The baritone sounds of the giant drums resonate calling monks to prayer. Soft chanting can be heard in the stillness of pre-dawn. In the near pitch blackness dozens of men and women jog, walk and exercise on modern machines one sees in any American gym except these are free and in the park. In front of the Vientiane Times, men are stacking rolls of the daily newspaper on their motor bikes for delivery. French bakeries are opening for business. There is barely a car in sight on the streets at 6:00 AM. The air is still cool and moist before the sun raises the winter temperature to 90 degrees (F) by midday. Welcome to the reincarnated city of Vientiane, capital of the Lao People’s Democratic Republic
On the South Korean financed and constructed 2.5 mile long Mekong River Promenade/flood control wall (completion by 2013) stands the largest political monument in Laos – a Pathet Lao leader? A vitriolic monument to Western imperialism? No…it’s a memorial to an early 19th century national hero, the martyred Prince Anouvong (King Chaiya Sethathirath V: 1767 – 1829) last ruler of the Kingdoms of Vientiane and Lan Xang. He led a failed war against their enemy, Siam (the Kingdom of Thailand) who had occupied Vientiane, and he died in captivity.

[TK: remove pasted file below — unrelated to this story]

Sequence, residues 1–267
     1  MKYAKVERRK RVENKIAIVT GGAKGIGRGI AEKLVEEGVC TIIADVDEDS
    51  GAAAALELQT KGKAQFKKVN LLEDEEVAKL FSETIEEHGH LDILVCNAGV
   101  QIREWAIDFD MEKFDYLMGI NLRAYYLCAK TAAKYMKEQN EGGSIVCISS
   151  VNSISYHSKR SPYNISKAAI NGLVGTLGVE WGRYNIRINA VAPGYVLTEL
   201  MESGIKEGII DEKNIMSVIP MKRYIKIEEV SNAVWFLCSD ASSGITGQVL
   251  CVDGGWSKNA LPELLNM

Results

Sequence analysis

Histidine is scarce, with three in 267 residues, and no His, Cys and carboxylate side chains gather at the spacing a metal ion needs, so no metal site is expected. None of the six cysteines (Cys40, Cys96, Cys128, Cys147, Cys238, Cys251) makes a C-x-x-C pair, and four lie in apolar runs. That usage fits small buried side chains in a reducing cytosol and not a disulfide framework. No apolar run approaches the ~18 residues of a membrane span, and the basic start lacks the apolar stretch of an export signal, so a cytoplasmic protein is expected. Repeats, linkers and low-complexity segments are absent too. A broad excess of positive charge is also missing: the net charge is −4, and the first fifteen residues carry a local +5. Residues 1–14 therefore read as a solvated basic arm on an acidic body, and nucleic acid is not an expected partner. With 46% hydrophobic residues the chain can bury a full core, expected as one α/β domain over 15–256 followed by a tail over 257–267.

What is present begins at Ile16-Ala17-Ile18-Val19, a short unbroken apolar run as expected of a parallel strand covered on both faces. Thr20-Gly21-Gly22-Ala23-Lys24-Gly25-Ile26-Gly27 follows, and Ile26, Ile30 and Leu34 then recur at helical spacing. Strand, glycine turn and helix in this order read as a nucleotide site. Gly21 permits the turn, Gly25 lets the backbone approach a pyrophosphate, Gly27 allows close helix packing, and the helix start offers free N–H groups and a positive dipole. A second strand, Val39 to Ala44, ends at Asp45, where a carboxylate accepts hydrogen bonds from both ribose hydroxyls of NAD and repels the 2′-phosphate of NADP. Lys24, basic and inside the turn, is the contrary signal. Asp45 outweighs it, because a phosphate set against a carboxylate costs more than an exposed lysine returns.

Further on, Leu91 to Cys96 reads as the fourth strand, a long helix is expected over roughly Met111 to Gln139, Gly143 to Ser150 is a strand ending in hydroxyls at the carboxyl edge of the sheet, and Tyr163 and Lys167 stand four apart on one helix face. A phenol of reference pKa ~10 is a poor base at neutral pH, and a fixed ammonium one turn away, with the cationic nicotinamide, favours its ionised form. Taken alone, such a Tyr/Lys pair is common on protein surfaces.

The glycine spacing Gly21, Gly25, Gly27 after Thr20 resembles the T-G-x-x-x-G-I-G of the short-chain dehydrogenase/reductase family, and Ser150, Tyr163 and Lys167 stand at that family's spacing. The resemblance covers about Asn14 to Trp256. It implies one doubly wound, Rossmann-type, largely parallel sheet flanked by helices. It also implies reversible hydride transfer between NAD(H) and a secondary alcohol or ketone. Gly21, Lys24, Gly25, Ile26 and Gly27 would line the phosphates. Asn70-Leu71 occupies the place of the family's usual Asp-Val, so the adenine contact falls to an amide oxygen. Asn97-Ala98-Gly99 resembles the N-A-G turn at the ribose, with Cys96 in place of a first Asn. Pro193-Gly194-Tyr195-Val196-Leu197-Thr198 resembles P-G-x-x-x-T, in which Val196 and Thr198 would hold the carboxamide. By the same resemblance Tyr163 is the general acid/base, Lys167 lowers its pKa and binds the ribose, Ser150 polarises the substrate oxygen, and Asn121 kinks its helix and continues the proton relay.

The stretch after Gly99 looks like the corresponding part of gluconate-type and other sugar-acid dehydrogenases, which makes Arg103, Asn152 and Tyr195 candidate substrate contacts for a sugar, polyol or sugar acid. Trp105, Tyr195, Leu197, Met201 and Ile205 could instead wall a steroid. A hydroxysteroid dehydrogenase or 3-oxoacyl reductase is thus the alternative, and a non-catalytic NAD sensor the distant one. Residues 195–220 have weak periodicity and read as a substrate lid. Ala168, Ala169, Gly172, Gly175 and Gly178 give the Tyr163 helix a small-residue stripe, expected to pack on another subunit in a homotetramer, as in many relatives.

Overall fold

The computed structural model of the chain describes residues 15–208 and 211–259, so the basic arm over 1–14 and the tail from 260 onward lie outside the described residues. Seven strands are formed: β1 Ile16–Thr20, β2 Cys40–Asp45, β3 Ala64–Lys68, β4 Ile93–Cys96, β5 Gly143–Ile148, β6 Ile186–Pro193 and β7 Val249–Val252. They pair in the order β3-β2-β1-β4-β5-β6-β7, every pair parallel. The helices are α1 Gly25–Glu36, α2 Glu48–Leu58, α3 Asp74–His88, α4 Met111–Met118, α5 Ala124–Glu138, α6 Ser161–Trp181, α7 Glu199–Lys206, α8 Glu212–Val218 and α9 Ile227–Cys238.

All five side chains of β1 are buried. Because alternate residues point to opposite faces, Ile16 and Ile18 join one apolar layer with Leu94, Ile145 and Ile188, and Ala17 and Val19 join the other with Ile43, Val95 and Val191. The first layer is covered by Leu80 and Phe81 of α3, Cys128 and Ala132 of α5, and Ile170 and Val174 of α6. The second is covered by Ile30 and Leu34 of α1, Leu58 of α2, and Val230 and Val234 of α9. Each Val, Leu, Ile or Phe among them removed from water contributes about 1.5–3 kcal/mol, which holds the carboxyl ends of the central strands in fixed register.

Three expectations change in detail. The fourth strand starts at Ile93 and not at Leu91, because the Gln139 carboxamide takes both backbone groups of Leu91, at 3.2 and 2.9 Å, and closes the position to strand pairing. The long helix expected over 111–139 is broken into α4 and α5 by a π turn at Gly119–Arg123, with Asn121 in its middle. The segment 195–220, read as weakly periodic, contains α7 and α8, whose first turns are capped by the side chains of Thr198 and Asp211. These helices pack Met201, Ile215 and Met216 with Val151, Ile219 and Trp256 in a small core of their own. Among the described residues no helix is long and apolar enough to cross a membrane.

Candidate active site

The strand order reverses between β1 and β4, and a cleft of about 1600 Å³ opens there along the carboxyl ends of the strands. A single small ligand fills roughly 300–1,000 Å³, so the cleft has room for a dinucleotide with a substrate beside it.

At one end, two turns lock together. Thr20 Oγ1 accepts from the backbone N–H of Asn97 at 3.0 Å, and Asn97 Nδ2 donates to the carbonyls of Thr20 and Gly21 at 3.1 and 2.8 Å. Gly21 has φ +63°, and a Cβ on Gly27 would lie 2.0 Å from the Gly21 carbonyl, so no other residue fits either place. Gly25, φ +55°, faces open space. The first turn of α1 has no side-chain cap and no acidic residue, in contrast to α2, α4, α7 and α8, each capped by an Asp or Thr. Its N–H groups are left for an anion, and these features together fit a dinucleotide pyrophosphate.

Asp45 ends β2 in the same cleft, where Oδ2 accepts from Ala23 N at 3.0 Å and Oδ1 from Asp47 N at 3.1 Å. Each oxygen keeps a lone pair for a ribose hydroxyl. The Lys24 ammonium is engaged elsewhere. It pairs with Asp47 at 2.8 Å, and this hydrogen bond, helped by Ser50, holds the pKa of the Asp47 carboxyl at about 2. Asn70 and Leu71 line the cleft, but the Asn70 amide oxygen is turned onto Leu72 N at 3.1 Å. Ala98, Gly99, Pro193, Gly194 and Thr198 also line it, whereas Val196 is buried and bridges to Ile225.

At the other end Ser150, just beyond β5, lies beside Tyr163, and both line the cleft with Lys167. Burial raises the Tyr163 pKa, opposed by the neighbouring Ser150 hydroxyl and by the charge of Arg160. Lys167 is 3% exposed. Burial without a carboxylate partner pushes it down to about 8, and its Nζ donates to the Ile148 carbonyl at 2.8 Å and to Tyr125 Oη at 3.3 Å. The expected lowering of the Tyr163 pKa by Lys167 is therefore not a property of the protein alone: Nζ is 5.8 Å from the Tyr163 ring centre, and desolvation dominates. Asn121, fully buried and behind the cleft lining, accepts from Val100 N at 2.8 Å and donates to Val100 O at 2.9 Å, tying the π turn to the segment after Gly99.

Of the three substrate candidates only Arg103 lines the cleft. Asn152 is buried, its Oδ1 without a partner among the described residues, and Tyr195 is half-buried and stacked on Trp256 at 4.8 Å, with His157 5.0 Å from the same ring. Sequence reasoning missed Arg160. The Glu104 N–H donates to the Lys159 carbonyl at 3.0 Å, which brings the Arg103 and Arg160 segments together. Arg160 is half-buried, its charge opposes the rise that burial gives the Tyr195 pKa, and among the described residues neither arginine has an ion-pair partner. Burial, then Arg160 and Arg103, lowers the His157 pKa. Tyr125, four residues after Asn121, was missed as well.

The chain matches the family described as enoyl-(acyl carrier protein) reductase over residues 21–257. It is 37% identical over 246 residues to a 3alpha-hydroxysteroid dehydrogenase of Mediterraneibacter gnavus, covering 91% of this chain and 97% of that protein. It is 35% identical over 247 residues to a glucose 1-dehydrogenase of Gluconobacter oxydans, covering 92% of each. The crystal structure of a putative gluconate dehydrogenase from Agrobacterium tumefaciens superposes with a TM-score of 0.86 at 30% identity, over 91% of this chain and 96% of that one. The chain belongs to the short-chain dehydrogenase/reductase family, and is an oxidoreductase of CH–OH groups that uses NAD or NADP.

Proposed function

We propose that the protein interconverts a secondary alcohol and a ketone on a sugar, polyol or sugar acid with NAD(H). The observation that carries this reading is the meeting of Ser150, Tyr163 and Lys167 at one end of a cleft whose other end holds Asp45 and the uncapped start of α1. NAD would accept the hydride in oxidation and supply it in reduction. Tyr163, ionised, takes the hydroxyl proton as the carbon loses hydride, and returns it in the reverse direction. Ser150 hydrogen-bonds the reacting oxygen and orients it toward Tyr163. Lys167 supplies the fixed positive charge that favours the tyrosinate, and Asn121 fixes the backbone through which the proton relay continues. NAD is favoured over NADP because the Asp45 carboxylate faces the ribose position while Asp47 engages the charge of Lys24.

After 400 years as the on-again/off-again capital of the Kingdom of Lan Xang (Land of a Million Elephants), the city of Vientiane was utterly destroyed in 1827 by Thailand and remained a wasteland until the arrival of the French in the 1890’s. They rebuilt Vientiane as the administrative capital under their colonial “protectorate” and many structures retain early 20th century French colonial designs. Where are the memorials to the 1975 Communist revolution? They exist in only two places – the former Royal Palace (National Museum) and at the former American compound of the USAID/CIA outside of the city that became the home of Kaysone Phomvihane (1920–1992) co- leader of the Pathet Lao along with the “Red Prince” Souphanouvong (brother of the last King of Laos). Thus is the complex history of this beautiful country with its stunningly friendly people, as well as an indication that modern Lao is still the traditional, conservative Buddhist culture that has been its history for over a thousand years.